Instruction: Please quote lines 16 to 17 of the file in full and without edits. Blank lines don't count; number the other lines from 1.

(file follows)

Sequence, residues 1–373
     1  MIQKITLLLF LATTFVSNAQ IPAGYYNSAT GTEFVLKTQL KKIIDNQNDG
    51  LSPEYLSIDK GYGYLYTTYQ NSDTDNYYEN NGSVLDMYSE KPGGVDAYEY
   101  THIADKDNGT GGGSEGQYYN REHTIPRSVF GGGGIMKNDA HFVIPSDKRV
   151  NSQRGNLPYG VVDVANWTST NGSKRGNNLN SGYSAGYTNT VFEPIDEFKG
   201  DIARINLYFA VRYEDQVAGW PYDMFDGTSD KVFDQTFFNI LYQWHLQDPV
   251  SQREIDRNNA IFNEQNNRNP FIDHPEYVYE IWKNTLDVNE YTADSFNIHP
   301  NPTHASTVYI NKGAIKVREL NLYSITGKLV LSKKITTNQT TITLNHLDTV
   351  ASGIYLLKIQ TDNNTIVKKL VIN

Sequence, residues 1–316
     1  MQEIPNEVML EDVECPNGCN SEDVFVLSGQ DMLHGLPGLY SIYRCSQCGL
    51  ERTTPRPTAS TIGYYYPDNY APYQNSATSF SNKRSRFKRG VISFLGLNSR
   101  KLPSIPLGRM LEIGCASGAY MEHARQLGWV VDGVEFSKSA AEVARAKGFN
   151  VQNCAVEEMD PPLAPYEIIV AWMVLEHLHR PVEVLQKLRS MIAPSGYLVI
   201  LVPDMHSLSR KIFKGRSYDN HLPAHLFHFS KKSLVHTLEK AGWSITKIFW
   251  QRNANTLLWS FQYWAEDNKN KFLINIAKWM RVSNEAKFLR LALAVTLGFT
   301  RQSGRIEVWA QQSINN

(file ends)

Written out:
   251  QRNANTLLWS FQYWAEDNKN KFLINIAKWM RVSNEAKFLR LALAVTLGFT
   301  RQSGRIEVWA QQSINN